27-Mar-2018 Source: The Helicopter Museum
The Helicopter Museum site at Weston Airport has been recognised by the American Helicopter Society International as one of two 2018 recipients of its Vertical Flight Heritage Sites award programme, recognised for its historical significance. Weston airport shares the honour with the Daniel Guggenheim School of Aerospace in Atlanta, Georgia.
Weston-super-Mare has been involved in vertical flight since the 1930s when Sir Alan Cobham’s Flying Circus visited the town with aircraft including a Cierva C-30A Autogyro. Then, in 1945 the Bristol Aeroplane Company set up an embryo helicopter design office headed up by chief designer Raoul Hafner at Elborough, close to the airport, before later relocating all helicopter design and manufacturing from Filton to Weston Airport in 1955.
Thereafter the Weston factory was responsible for production of the Sycamore helicopter until 1959 and development of the company’s tandem-rotor Belvedere, which first flew at the airfield in July 1958 and continued in production until the late 1960s. Meanwhile the factory became the Weston division of Westland Helicopters in 1960 and the airfield saw the flight testing of Wasp, Gazelle, Puma, Lynx, Sea King and Merlin helicopters following manufacturing and overhaul contracts until the division’s final closure in 2002.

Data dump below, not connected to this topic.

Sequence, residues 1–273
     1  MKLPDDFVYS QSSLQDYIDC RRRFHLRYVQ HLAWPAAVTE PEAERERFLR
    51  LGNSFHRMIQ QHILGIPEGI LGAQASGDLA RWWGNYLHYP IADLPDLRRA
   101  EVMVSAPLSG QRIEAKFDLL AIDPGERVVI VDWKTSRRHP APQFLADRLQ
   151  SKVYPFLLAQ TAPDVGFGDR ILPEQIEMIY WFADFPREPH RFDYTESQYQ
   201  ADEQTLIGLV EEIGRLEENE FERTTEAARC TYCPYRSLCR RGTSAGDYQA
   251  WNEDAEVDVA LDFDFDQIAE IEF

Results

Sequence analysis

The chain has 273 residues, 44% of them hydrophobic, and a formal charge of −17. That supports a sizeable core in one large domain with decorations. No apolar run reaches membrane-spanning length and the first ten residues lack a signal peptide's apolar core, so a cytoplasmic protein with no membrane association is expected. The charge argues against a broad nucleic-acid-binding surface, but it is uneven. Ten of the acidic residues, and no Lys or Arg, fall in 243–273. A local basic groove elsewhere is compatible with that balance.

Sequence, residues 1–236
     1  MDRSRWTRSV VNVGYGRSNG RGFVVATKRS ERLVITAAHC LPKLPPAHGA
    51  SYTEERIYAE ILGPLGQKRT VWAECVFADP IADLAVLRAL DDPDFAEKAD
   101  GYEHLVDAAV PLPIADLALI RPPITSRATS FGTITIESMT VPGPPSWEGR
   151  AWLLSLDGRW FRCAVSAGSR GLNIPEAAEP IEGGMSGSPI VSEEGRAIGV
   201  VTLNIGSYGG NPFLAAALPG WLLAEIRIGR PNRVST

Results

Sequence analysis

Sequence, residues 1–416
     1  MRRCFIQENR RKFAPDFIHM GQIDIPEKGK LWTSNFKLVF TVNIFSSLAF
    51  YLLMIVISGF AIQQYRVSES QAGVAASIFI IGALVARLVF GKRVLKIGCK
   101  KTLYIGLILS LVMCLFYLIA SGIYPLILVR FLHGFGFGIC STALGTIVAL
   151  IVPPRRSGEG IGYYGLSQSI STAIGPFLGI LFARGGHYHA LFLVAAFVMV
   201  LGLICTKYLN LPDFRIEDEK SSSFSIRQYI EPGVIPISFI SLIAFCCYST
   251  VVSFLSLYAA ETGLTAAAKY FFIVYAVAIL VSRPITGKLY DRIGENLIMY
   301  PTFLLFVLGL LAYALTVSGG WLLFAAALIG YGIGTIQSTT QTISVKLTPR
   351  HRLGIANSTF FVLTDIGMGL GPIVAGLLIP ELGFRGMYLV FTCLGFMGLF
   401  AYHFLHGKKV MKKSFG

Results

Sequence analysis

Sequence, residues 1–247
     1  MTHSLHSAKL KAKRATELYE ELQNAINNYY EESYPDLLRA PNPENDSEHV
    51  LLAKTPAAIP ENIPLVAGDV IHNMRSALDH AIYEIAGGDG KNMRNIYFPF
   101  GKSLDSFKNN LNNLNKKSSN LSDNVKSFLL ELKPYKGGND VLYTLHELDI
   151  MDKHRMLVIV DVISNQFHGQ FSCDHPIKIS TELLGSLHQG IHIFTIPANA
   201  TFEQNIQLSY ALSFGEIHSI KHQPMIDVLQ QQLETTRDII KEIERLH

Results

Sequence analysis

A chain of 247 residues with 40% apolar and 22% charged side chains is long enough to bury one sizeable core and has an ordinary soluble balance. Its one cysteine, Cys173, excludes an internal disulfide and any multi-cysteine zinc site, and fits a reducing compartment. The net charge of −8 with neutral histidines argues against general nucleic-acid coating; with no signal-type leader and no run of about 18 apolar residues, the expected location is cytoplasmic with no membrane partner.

Today the Helicopter Museum which officially opened on the airfield as a volunteer-run registered charity in 1989, keeps the heritage of the site alive with examples of the Weston-built aircraft in its collection and a comprehensive archive of the airfield’s rotary-wing connections.
The area of original airfield preserved by the museum will host the ‘World at War’ living history weekend on 7th & 8th April. The annual event sees military re-enactors and historic vehicles bring the land surrounding the WW2 era control tower and pilots block to life with special guests including Invictus Games athletes and the last surviving Dambuster, George ‘Johnny’ Johnson.